This break from the building somber dread introduces both overt energy and a surprising amount of spilled viscera. That's right, this Wolfman for 2010 is a real butcher - splitting bellies, dismembering and beheading with any chance he's given leaving his victims screaming and wandering about like injured soldiers on the war-strewn beaches of D-Day. Classic monster purists might scoff at this sort of unbridled mayhem, but it's clearly out to wow the audiences who clamor to see Saw. I'm mixed on its use of steaming intestines and lungs, to be honest. Nonetheless, these fits of action are exciting and a blast to watch, especially a London chase that tips a hat to An American Werewolf in London (one of two tips of the hat, in fact, to John Landis' film).
The real forced, puzzling tempo-breakers though are the jump scares Johnston resorts to in an effort to set the audience on edge during extended moments of drama. He does this with ineffective hallucinations, for instance, involving feral children or the Wolfman growling from a mirror; there's even a gimmicky "it's only the dog" gag that threatens to cheapen the quality of the film. Furthermore, much like Walker's Sleepy Hollow, there's stilted exposition (reserved for the big reveals) that suck the energy out of the room.
Even with these weird stylistic missteps, there's always the cast to root us back in the drama. Hopkins chews the scenery at every turn teetering between a worldly, distant and quirky patriarch to an imposing, sometimes scary presence. Weaving and Blunt are serviceable in their respective roles as Scotland Yard Detective Abberline (still wincing from the Jack the Ripper case) and the mourning and concerned Conliffe. As Lawrence Talbot, Del Toro channels the required angst - although he doesn't need much help with those sorrowful eyes of his (not keen on the hair, though) - but he, not to mention the script, misses the mark in eliciting our sympathy. Talbot's emotional journey is somewhat cut off halfway through the story when it veers from the source material and he's whisked off to an insane asylum, leaving Conliffe to probe deeper into the lore of lycanthropy. Talbot's passive stance in his quest for a cure doesn't work here; then again, the writers made this ill-advised decision to pave the way for themes that enhance the father/son dynamic and introduce a borderline silly confrontation. Still, Del Toro throws himself wholeheartedly into the role of Talbot's vicious counterpart, bounding about wide-eyed and snapping with a set of chompers beneath Baker's impressive make-up. The transformations are still nowhere near as impressive as what Baker did in American Werewolf, but they are not terrible for being CG-fueled.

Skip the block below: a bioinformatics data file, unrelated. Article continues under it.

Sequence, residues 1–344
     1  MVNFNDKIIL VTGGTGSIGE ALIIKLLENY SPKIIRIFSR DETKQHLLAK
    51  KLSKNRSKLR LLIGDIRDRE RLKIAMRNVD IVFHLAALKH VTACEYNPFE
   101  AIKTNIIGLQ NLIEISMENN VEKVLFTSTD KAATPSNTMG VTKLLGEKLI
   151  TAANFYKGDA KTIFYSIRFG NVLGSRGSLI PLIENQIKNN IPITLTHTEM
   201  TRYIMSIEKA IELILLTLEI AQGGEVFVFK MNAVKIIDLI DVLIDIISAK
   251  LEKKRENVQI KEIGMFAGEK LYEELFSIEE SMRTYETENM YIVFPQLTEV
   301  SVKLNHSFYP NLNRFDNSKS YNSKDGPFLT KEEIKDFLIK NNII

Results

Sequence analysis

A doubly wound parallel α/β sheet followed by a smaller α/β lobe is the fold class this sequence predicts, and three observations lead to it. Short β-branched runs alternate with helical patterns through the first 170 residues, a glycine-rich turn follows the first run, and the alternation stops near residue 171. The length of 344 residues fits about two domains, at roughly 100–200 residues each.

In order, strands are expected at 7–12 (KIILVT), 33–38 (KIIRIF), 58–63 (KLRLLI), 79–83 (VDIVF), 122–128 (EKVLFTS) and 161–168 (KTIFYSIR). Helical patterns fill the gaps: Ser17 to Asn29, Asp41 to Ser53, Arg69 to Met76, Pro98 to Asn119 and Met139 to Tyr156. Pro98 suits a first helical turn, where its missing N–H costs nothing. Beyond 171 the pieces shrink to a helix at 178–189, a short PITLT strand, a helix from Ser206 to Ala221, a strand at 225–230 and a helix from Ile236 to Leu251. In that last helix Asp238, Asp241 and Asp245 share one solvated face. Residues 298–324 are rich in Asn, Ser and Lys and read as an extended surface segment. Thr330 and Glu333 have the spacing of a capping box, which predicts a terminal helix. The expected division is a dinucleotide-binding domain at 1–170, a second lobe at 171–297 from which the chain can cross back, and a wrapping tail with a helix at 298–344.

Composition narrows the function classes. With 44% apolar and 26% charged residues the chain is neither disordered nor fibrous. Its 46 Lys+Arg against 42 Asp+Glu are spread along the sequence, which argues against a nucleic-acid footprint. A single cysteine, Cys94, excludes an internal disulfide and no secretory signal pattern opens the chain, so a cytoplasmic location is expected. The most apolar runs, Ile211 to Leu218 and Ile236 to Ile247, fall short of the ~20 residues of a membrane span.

Technically, the environs, photographed by Shelly Johnson (a Johnston vet), and Rick (Sleepy Hollow) Heinrich's production design are gorgeous. Meanwhile, Danny Elfman's score is perfect for the material, although at times familiar.
The Wolfman isn't perfect but it is watchable and I'll certainly be the first to admit I was grinning ear to ear every moment the beast was onscreen. Thankfully, it isn't an embarrassment as Universal's Van Helsing was, and not nearly as hokey as Kenneth Branagh's vision of Frankenstein. But you don't have to have wolf-like senses to smell there are too many cooks in the kitchen here. A monster caught between two worlds - old school and modern horror - The Wolfman is a decent effort, yet I'll still reach for Chaney's '41 version when I need my annual fix of this beloved Universal monster.